Israel’s New Condition for Palestinians Hoping to Work Their Land: A Pop Quiz in Map Reading

Capt. Shadi Saleh and his comrade Ali got up early Tuesday December 10, and by 6 A.M. they were next to the agriculture gate in the separation barrier, which cuts off the villages of Mas-ha, Al-Zawiyyeh and Rafat from their land. Saleh and Ali both serve in Israel’s District Coordination and Liaison office, which oversees the area of Qalqilyah, Tul Karm and Salfit.

Saleh is the commander of the liaison contingent at the Eyal checkpoint near Qalqilyah, and the farmers know him by his full name. They only know Ali by his first name. The two were stationed at the gate to confiscate agricultural permits allowing access through this entryway.

– Haaretz Weekly Ep. 55

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Dozens of landowners from the two villages had already gathered at the gate, waiting for the soldiers to open it as they’re supposed to do three times a day. The separation barrier twists through the heart of the orchards and fields.

The gate, which the army calls Magen Dan 1669, is on land belonging to the village of Al-Zawiyyeh. Like 74 similar gates along the separation barrier, it exists to follow the High Court instruction to the State to reduce as much as possible the barrier’s harm to Palestinian farmers and to their right to reach their land and cultivate it.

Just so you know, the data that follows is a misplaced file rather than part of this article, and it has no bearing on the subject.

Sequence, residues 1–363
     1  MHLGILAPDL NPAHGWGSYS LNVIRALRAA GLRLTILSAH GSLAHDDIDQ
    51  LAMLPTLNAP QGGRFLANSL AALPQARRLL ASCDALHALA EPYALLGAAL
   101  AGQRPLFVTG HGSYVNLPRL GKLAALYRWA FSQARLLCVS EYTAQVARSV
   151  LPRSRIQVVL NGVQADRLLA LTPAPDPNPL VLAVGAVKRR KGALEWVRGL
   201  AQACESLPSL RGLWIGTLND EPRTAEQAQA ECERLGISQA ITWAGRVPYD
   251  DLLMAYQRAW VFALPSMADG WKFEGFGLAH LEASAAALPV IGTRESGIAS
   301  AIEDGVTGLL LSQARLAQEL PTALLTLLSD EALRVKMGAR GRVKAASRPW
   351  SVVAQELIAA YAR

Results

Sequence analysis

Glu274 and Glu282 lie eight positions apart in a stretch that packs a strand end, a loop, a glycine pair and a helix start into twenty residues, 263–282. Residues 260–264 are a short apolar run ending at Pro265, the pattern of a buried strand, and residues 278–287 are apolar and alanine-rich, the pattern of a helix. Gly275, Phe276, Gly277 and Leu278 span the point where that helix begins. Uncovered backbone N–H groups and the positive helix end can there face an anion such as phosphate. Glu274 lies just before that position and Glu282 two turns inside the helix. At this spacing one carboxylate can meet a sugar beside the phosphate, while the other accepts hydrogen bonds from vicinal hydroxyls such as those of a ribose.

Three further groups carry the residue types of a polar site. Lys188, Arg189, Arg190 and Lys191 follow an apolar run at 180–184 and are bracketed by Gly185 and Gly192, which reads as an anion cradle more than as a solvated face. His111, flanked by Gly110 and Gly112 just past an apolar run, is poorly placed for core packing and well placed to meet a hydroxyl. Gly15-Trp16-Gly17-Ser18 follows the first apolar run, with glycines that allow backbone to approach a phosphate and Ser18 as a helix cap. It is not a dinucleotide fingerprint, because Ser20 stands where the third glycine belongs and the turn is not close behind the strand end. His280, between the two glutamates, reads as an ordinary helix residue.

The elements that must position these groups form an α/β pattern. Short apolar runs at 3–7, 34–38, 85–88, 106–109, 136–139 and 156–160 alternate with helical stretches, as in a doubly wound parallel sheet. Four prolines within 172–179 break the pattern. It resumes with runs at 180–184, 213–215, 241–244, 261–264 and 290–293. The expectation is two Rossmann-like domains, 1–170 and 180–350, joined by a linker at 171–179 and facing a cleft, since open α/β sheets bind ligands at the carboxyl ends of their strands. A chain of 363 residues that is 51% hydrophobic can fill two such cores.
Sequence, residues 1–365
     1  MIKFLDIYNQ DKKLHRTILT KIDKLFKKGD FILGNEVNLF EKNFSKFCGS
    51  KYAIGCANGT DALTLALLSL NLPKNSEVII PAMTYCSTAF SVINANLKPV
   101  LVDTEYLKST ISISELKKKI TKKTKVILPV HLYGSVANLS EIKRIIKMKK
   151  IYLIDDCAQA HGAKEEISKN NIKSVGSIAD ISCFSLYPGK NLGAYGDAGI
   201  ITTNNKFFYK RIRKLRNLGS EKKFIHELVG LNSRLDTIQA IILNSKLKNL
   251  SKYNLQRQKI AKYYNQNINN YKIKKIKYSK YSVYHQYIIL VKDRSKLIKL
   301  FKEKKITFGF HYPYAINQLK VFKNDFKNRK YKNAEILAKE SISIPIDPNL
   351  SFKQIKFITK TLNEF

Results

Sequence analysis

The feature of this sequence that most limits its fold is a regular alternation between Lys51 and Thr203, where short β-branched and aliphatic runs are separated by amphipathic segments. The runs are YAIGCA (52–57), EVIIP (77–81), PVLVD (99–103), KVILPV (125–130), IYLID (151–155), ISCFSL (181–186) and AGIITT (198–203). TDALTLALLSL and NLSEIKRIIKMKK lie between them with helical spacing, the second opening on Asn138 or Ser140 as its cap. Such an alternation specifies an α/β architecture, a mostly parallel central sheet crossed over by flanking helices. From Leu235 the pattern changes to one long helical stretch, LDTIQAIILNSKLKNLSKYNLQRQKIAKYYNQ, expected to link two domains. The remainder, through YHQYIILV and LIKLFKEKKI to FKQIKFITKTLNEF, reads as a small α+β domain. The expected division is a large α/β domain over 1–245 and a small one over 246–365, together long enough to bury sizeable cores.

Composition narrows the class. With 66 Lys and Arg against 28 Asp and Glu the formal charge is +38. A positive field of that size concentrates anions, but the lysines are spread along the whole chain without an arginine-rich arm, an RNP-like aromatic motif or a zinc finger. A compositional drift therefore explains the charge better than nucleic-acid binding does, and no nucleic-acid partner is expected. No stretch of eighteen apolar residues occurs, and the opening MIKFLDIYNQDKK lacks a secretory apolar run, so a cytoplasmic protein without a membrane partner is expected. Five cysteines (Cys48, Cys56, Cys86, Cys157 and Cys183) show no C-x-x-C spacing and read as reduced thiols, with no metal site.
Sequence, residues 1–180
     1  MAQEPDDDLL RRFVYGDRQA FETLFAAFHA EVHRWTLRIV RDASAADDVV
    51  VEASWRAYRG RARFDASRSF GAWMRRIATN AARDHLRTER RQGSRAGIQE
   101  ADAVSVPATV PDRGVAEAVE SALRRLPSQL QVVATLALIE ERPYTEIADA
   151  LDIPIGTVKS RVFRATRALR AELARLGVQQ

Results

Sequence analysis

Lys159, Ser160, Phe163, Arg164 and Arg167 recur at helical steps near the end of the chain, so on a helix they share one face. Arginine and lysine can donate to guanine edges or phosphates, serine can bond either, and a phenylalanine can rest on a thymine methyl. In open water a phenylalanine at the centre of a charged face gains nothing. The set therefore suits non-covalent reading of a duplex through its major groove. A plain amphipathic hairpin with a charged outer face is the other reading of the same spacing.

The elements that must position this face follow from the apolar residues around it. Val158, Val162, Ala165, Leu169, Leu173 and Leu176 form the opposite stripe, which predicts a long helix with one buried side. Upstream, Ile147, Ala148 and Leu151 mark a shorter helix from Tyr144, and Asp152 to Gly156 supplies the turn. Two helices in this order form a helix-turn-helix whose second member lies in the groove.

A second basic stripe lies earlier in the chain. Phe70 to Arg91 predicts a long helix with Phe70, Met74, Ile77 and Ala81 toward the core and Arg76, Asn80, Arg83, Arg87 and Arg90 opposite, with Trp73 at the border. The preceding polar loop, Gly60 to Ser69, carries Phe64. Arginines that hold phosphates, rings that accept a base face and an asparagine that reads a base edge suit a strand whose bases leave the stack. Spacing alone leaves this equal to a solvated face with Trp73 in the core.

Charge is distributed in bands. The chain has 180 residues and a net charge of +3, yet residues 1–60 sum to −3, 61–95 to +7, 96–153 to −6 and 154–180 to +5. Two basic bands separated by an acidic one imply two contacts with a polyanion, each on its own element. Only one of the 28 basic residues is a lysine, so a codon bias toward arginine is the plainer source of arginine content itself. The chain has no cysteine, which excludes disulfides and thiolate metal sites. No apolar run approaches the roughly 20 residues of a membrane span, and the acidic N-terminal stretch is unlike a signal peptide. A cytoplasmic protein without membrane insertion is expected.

Access to the land, sometimes a few kilometers away, is possible only by foot, and sometimes by donkey (if the soldiers don’t demand to see a donkey’s permit, which does not exist). Only recently have Palestinians been allowed to enter with their electric bicycles as well. Magen Dan is among the 28 gates opened either several times a week or every day all year. The other 46 gates are only opened two or three times a year.

That Tuesday, 49-year-old Ali Zuheir of Mas-ha planned to prune his olive trees and to oxygenate the soil, as must be done after the harvest.

“When they opened the gate, two soldiers crossed to the other side, at the start of the path, to make sure we couldn’t return,” he recalled. “Shadi took our ID cards and our agricultural permits, and asked where we were going. We said we were going to the land. He put the permits in his pocket and returned our ID cards.”